“I knew him when he didn’t have a lick of hair on his face,” DeRozan said of his now-bearded peer. “We’ve grown. We talk about it a lot. We never thought we’d be in the position we’re in today.”

DeMar DeRozan‘s got them.

The Toronto Raptors became the first team to clinch a playoff berth this season with a 121-119 overtime win over the Detroit Pistons on Wednesday night. They currently sit first in the East with a record of 47-17.

DeRozan scored a game-high 42 points, including the game-saving dunk in regulation, and dished the game-winning assist to Fred VanVleet in overtime to overcome a strong challenge from Blake Griffin and the reeling Pistons.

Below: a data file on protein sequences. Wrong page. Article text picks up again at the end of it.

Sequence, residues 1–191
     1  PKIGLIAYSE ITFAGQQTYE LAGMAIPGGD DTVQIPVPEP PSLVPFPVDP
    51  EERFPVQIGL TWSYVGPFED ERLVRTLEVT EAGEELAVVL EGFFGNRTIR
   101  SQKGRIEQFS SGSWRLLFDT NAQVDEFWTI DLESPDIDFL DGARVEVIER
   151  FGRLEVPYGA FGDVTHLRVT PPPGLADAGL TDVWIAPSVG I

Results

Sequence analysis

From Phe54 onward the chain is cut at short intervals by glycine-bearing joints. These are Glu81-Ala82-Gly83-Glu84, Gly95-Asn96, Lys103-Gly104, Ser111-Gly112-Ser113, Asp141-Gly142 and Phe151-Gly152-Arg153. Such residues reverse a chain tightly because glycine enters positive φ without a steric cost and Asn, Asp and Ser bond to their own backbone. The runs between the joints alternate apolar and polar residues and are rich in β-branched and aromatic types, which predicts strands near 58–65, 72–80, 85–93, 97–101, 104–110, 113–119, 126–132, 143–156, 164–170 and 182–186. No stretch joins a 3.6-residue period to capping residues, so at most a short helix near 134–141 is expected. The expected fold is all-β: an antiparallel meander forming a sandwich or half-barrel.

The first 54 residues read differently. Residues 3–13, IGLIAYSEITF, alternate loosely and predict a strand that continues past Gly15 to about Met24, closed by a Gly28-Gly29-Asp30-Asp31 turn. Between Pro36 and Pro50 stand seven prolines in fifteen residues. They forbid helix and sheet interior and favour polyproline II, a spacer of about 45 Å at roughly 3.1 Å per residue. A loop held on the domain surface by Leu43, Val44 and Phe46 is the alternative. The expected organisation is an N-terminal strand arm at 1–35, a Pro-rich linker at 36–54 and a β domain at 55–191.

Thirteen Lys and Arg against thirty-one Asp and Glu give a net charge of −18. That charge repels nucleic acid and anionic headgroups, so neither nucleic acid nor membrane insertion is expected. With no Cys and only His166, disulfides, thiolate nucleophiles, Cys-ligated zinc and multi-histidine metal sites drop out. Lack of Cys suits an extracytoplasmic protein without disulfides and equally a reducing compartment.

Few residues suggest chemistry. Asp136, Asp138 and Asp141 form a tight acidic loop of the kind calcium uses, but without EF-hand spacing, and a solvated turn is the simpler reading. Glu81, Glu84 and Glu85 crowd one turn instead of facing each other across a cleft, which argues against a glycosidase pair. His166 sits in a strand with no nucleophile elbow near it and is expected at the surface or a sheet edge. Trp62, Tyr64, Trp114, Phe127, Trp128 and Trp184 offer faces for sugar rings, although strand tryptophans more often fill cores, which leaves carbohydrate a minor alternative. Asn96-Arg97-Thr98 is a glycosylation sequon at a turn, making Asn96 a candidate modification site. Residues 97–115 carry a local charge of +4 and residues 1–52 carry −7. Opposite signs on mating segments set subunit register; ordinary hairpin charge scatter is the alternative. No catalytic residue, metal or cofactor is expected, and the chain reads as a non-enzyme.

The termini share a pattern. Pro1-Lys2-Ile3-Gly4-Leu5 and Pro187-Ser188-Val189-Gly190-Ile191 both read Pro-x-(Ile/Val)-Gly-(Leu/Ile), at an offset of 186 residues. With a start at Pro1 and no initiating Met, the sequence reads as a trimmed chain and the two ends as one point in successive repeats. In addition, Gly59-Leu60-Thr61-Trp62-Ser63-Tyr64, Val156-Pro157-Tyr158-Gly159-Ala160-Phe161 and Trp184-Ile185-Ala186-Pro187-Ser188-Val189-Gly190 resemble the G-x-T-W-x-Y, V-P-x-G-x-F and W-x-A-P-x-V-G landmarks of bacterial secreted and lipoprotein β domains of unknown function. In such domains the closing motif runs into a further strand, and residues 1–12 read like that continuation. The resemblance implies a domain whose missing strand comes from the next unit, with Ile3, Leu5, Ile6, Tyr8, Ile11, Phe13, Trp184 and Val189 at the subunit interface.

This will be the Raptors’ fifth straight postseason appearance since president Masai Ujiri took control of the team. Toronto lost in the first round in 2014 and 2015, but advanced to the Eastern Conference Finals in 2016 and took two games off the eventual champion Cleveland Cavaliers. The Raptors beat the Milwaukee Bucks in the first round last season, but lost again to the Cavaliers, which forced Ujiri to make a difficult choice about their future.

The Raptors ultimately decided to bring back their core, while updating their offense to reflect the modern style of basketball. Making that transition successfully, coupled with the emergence of several prospects in the second unit, has pushed the team to new heights.